Tuesday, January 27, 2009

Goldsmith advice Cabinet minutes ordered to be released

From the Press Association:

Order to reveal Iraq Cabinet papers

4 hours ago

The Government has been ordered to release the minutes of crucial 2003 Cabinet meetings where the invasion of Iraq was discussed.

The Information Tribunal upheld a decision by the Information Commissioner that details of the sessions on March 13 and 17 should be disclosed.

The ruling opens up the prospect of one of the most controversial Government decisions of recent years being laid bare - although the Tribunal stressed that disclosure would not necessarily set a precedent.

The meetings considered the highly controversial issue of whether the invasion was allowed under international law. The arguments in favour of keeping the formulation of Government policy secret and preserving the principle of collective responsibility were defeated in this "exceptional case", the ruling said.

The Tribunal said: "The decision to commit the nation's armed forces to the invasion of another country is momentous in its own right, and ... its seriousness is increased by the criticisms that have been made (particularly in the Butler Report) of the general decision-making processes in the Cabinet at the time.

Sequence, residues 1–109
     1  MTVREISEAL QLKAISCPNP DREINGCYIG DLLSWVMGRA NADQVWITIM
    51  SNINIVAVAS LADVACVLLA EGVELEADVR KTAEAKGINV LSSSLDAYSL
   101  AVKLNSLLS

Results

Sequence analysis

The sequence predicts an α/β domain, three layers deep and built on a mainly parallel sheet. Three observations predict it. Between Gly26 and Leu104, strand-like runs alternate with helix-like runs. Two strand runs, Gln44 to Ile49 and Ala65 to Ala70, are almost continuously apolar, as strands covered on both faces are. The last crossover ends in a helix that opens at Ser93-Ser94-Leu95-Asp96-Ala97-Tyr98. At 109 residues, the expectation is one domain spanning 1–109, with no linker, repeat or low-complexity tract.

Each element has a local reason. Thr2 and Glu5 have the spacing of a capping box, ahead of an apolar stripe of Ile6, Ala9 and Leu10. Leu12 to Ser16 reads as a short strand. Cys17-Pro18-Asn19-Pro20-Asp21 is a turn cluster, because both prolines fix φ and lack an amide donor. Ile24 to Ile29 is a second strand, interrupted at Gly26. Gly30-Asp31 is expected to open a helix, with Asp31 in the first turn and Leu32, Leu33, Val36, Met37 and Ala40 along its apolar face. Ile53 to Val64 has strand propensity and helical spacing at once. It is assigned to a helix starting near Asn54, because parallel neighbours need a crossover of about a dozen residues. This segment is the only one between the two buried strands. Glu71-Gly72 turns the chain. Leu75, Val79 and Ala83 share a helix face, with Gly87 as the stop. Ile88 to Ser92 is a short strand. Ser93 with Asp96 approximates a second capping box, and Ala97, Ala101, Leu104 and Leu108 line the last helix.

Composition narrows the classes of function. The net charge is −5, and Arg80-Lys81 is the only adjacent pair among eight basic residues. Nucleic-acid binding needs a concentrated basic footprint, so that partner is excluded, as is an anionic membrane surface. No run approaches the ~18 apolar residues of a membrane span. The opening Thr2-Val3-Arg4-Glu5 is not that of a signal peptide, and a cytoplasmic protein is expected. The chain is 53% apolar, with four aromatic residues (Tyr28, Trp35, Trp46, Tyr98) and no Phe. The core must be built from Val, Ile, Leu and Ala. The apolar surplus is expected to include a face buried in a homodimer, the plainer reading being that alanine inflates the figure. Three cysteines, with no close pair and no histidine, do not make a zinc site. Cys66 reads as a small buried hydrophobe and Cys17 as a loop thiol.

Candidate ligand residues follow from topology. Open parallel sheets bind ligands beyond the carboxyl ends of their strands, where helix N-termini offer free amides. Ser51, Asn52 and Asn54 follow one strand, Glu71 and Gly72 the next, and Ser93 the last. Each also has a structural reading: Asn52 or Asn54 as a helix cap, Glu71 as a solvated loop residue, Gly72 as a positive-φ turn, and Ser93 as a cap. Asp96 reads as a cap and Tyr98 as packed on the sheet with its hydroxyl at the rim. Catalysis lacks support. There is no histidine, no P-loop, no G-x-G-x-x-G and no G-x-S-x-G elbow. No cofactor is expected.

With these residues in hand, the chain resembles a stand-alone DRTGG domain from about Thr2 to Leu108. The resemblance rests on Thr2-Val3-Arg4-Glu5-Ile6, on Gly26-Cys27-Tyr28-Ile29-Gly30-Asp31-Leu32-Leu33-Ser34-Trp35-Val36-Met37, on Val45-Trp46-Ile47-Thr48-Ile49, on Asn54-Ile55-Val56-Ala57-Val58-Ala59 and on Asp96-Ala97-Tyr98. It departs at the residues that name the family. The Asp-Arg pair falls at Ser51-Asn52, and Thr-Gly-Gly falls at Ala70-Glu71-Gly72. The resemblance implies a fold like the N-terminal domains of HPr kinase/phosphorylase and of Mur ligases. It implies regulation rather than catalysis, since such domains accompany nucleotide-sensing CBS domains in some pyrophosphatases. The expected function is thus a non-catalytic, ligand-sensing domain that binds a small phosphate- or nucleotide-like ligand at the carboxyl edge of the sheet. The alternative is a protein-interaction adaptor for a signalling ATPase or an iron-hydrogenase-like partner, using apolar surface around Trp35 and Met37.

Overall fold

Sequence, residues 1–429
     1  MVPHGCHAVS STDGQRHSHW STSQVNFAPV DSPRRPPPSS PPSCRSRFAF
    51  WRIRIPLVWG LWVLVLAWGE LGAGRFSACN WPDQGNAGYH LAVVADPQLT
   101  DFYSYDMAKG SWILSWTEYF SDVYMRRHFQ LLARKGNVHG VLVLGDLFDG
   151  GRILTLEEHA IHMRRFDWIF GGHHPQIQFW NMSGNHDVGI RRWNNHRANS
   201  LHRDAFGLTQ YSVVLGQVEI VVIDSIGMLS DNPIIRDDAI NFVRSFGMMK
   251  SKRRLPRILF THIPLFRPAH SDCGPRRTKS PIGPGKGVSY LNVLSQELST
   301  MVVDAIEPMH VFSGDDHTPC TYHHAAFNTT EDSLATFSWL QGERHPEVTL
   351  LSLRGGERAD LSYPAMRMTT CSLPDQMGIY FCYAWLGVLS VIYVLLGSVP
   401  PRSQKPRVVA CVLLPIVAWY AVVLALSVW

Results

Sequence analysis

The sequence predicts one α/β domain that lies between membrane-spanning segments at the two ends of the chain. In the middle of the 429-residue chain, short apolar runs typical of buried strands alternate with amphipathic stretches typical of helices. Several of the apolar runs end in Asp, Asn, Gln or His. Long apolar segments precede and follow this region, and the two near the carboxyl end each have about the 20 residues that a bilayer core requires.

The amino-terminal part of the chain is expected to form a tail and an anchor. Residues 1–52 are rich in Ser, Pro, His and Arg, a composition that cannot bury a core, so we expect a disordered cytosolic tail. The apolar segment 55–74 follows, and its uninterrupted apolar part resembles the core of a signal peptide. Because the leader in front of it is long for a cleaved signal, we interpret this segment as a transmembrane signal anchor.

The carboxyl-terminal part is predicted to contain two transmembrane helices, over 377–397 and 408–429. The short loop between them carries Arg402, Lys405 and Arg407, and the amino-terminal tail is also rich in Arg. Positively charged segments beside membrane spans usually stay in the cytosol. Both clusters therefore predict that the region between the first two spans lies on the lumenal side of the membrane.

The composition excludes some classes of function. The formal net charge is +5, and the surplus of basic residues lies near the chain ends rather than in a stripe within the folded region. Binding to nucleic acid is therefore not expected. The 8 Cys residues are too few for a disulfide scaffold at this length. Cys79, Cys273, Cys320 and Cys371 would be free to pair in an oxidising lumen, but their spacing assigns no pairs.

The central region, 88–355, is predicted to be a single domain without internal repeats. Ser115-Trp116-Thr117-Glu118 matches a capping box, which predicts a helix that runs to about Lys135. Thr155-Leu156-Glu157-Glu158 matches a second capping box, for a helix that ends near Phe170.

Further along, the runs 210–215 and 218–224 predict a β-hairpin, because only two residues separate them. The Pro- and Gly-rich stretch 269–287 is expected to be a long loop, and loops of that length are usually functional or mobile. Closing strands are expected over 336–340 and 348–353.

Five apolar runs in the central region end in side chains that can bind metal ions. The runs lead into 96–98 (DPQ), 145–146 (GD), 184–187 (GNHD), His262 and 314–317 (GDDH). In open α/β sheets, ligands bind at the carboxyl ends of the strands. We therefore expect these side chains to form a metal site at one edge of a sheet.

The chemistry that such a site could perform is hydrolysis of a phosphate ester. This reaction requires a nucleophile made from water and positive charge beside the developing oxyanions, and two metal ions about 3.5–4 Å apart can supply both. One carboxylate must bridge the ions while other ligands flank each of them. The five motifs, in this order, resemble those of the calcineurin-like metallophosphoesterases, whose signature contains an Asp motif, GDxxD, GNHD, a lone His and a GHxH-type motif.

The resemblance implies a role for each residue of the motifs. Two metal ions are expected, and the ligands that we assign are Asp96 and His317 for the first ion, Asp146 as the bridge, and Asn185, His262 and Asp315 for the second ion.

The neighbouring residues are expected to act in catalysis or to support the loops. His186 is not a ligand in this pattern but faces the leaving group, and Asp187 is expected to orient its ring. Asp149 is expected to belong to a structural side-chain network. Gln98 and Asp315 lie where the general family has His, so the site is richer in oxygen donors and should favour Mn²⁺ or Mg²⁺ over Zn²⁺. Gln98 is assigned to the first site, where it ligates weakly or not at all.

"There has also been criticism of the Attorney General's legal advice and of the particular way in which the March 17 opinion was made available to the Cabinet only at the last moment and the March 7 opinion was not disclosed to it at all."

Information Commissioner Richard Thomas said: "I am pleased that the Tribunal has upheld my decision that the public interest in disclosing the official Cabinet minutes in this particular case outweighs the public interest in withholding the information.

"Disclosing the minutes will allow the public to more fully understand this particular decision."

The Cabinet Office now has 28 days to decide whether to appeal to the High Court against the ruling.

Downing Street said: "The Information Commissioner has just made an announcement on this and we are considering our response."

Copyright © 2009 The Press Association



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